Pittsburgh, a remarkable city that's evolved from an industrial wasteland into a modern metropolis, has taught me a great deal about the importance of reinvention in today's technologically informed and rapidly changing world. Don't get me wrong; Pittsburgh is not New York or Los Angeles, but what cities are? It's smaller. It's not coastally accessible. And if you're intent on finding a career in film, this probably isn't the right home for you.
But Pittsburgh remains affordable, there are opportunities here, and as has been made clear by the impassioned Iggy Azalea-related protests and backlash by LGBT people and allies, including people of color, Pittsburgh is the home of outspoken, socially informed, and politically active people who have every intention of making our city more livable, progressive, and welcoming to those of us who stay or visit here.
Until now, I've participated only peripherally in the conversations about Azalea being selected as a headlining performer by the Delta Foundation, which sponsors Pittsburgh's annual week-long Pride celebration. I felt that my privilege as a white, middle-class male has limited my understanding or appreciation of the kinds of discomfort and unease that a performer like Azalea has caused communities to which I do not belong. In solidarity, I support my queer and trans brothers and sisters, and I want all of the people in Pittsburgh who feel that their racial histories and realities have been insulted or capitalized on by Azalea to know that I am listening to the struggles that you have the courage to share.
Contrary to Richard Lawson's recent post in Vanity Fair, I don't believe the decision for Azalea and Pittsburgh Pride to part ways had any bearing on the fact that "nobody likes [Iggy Azalea]." What I can say with a great amount of certainty is that Pittsburgh is not the kind of city that takes kindly to those who say things that cause many distress, as Azalea's tweets have. As Lawson stated in his headline, "Iggy Azalea Can't Even Catch a Break in Pittsburgh." But just because we're not New York or L.A. doesn't mean we're going to roll over and accept intolerant behavior just so we can have a big name come to one of our events. The truth is, I live in a city where people care deeply about the well-being of others.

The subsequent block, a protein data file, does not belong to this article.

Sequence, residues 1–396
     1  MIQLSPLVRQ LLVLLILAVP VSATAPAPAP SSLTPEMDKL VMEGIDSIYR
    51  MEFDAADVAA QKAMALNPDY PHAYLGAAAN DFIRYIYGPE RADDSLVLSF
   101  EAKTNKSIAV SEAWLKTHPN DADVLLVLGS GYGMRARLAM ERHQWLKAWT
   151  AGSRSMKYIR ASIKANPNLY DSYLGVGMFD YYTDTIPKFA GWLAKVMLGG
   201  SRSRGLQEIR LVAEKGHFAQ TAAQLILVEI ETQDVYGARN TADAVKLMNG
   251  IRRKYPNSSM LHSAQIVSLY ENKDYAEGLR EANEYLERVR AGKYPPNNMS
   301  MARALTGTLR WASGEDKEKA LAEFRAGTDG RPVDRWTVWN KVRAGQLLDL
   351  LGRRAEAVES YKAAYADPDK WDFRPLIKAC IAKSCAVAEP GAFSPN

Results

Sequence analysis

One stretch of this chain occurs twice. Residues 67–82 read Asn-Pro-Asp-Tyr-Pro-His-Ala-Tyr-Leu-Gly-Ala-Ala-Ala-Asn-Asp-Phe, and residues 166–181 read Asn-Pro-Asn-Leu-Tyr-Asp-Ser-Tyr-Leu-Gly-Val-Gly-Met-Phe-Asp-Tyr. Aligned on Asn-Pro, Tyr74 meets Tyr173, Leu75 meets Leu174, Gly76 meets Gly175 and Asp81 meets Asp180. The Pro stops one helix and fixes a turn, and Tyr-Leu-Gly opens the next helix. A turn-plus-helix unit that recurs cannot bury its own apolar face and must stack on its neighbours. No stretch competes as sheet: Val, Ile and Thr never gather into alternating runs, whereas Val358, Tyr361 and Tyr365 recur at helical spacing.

Like anywhere in the world, Pittsburgh is a place where conversations about equal rights and fair treatment of people are happening. Personally, I have been physically assaulted for my sexual orientation, and I am hardly alone. Yet I have never been so proud to live here as I was when I experienced people here putting aside differences to publicly stand up against what I had gone through.
"Drummed out of Pittsburgh. Pittsburgh! Oh, Iggy," Lawson laments in his article. He expresses a kind of tired sympathy for somebody who, in all honesty, failed to engage in dialogues about race and sexuality in light of her objectionable tweets. Even with his backhanded support of Azalea and snide swipes at my metropolis, I'd like to thank Lawson for recognizing Pittsburgh as "truly one of the great American cities." If you got one thing right in your piece, Mr. Lawson, it's that we've shown the world we have "true character." Come visit sometime. I'll show you around. Just be careful what you say around here. We're a proud people, and we have each other's backs.
BEN STOVIAK is a Pittsburgh native working in higher education. He is a writer and teacher and has volunteered with numerous social, political, education, and arts community organizations throughout the greater Pittsburgh area, including the Pittsburgh Lesbian and Gay Film Society, Planned Parenthood of Western Pennsylvania, the Pittsburgh AIDS Task Force, and Three Rivers Arts Festival.